Shetty Couple Together in Life and Even Beyond
Mumbai: The institution of marriage is built upon the holy union of a man and a woman, who exchange the vows of togetherness and loyalty towards each other at the formal ceremony. They express their determination to share each other’s joy and sorrow until death.
In accordance with the Hindu traditions, the newlyweds fulfil the ritual of Saptapadi, or the Seven Steps, and walk around fire, with fire god Agni as witness. They also assert their promises to each other in his presence. The ritual finds expression this way:
“Let us take the first step to provide for our household a nourishing and pure diet, avoiding those foods injurious to healthy living. Let us take the second step to develop physical and spiritual powers. Let us take the third step to increase our wealth by righteous means and proper use. Let us take the fourth step to acquire knowledge, happiness and harmony by mutual love and trust. Let us take the fifth step so that we are blessed with strong, virtuous and heroic children. Let us take the sixth step for self-restraint and longevity. Finally, let us take the seventh step and be true companions and remain lifelong partners by this wedlock.”
Incidentally, by a remarkable coincidence, the same spirit and ethos are conveyed at a Christian wedding. The bridal couple exchanges the marital vows as follows:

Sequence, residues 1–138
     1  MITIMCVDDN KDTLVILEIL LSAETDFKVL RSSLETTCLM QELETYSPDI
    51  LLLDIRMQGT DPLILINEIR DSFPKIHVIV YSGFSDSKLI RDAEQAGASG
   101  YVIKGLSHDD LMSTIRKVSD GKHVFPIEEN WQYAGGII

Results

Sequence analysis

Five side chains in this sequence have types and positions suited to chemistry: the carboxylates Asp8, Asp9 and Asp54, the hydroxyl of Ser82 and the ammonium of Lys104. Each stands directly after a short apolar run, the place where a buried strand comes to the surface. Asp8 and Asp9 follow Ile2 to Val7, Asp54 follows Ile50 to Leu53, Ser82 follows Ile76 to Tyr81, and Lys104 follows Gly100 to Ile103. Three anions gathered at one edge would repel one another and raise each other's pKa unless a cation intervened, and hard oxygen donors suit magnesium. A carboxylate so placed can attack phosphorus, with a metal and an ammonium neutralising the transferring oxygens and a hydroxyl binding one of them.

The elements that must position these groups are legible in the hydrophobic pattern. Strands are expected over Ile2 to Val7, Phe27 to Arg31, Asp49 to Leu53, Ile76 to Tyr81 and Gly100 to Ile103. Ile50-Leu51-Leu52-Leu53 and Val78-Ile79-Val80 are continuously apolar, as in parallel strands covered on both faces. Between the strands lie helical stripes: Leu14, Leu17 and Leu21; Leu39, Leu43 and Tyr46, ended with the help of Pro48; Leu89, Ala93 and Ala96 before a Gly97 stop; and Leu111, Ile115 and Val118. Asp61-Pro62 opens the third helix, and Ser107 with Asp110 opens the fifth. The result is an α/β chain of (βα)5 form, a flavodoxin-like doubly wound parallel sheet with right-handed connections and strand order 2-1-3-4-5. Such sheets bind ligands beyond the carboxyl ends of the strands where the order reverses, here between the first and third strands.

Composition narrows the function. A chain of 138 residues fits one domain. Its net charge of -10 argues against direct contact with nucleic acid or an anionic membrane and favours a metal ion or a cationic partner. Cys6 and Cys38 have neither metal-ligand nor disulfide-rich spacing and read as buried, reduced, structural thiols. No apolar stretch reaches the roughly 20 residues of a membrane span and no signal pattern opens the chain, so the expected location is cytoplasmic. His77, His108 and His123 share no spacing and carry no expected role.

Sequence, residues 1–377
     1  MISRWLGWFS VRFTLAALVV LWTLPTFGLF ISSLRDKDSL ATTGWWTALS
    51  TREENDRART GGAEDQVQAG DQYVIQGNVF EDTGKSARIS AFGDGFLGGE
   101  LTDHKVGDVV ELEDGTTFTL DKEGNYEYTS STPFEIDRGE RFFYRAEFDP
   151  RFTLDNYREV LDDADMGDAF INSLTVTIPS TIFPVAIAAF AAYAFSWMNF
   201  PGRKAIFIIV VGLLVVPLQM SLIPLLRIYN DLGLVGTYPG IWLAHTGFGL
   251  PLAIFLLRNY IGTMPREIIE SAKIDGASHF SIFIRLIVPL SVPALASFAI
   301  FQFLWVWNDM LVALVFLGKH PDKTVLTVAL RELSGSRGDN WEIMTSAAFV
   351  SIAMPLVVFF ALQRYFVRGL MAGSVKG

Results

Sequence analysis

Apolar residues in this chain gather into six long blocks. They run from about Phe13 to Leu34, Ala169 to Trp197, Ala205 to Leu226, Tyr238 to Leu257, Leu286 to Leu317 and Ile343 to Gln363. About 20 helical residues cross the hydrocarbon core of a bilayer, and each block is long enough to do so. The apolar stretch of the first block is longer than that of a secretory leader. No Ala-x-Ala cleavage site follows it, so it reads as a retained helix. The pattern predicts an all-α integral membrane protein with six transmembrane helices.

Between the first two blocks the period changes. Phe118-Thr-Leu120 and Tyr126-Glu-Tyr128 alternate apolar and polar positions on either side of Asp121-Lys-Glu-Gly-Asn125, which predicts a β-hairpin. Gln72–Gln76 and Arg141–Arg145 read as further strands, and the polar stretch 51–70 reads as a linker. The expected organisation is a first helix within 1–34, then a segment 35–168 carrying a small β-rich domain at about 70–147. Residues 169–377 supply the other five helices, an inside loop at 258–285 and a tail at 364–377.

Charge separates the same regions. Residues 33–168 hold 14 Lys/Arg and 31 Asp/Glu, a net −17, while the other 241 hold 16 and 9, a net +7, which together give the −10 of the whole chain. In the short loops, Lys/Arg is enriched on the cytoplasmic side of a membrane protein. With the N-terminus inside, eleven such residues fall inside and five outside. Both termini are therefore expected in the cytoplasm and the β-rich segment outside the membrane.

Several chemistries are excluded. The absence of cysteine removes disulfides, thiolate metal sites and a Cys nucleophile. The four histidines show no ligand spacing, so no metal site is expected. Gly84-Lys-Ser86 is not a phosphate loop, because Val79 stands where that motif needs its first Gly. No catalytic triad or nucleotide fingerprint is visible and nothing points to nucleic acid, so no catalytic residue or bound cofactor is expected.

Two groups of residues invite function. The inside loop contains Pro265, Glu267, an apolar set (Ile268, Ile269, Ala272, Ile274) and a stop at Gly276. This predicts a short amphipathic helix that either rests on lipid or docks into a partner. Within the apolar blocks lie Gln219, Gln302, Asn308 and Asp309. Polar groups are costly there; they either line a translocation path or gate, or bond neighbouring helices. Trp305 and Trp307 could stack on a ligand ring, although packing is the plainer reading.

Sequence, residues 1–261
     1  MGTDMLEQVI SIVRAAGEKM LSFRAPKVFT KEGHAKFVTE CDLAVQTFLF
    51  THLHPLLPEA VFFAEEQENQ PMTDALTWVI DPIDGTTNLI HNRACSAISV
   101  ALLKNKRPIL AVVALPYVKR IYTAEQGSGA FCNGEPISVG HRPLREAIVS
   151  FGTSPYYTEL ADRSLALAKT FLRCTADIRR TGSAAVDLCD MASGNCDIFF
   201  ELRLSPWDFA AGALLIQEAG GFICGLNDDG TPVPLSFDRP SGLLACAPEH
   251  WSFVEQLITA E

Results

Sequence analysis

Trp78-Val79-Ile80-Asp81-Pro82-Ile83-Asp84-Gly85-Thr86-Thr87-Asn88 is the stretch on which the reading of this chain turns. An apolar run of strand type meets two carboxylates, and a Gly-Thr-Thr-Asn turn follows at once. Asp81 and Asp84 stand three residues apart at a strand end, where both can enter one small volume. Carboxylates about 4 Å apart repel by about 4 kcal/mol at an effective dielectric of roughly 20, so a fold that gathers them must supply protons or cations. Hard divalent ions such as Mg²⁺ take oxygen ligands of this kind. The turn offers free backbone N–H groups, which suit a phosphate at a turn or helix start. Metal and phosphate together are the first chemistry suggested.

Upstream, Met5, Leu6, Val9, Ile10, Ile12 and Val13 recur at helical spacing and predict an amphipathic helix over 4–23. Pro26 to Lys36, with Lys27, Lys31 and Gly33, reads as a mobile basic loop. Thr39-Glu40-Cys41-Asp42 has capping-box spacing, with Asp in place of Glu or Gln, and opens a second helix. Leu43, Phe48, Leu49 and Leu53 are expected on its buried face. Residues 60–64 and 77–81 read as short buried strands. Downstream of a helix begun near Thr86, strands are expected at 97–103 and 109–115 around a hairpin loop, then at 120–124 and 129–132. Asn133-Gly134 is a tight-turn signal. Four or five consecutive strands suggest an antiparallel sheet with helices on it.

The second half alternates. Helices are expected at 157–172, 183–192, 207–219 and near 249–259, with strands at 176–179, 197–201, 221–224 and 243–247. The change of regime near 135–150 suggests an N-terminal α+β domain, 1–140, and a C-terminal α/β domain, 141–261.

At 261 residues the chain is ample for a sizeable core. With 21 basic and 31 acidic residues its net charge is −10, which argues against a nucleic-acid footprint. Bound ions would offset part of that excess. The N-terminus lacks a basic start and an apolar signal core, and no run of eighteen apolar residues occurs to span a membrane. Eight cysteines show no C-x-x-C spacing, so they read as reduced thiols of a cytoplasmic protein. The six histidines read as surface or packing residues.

“I, _____, take you, ______, for my lawful wife / husband, to have and to hold from this day forward, for better, for worse, for richer, for poorer, in sickness and health, until death do us part. I, ____, take you, ______, to be my husband / wife. I promise to be true to you in good times and in bad, in sickness and in health. I will love and honour you all the days of my life.”
Sounds solemn and sublime, doesn’t it? It is a different matter if or not all the vows are followed in letter and spirit in the modern times. Many of the clauses could be seen more in breach than in observance.
Till death do us part, says a vow. In most cases, husbands and wives die at a gap of some years, leaving the the other spouse in solitude. However, there have been some rare cases when one of the partners died, the other too departed from life, maybe out of shock and grief. A couple of Mangaluru origin, based in Mumbai for decades, were in the news for this reason last week.
Jayaram P Shetty (60) of Nallyaguttu Panja and Shobha Jayaram Shetty (54) of Tardolya Jeppu were married for 33 years. They had tied the knot in the King George auditorium on June 23, 1983. They celebrated their silver wedding anninversary in Happy Singh Hotel in Saki Naka in 2008.
Jayaram was the owner of a bar and restaurant near Jerimeri on Andheri-Kurla road. He had suffered from kidney ailment during the recent days and breathed his last in the Criticare Hospital in Andheri (East) on May 24.
A large number of his friends and well-wishers got together and arranged to have the body shifted to his home in Leoland in Tungagaon in Powai. As preparations were in progress for the final rites, his wife Shobha suddenly collapsed and died of a suspected cardiac arrest.
Their mortal remains were consigned to flames in the Sag Bagh crematorium in Saki Naka the next day. The joint funeral was attended by a large gathering. The couple is survived by a son and a daughter.
May they rest in eternal peace.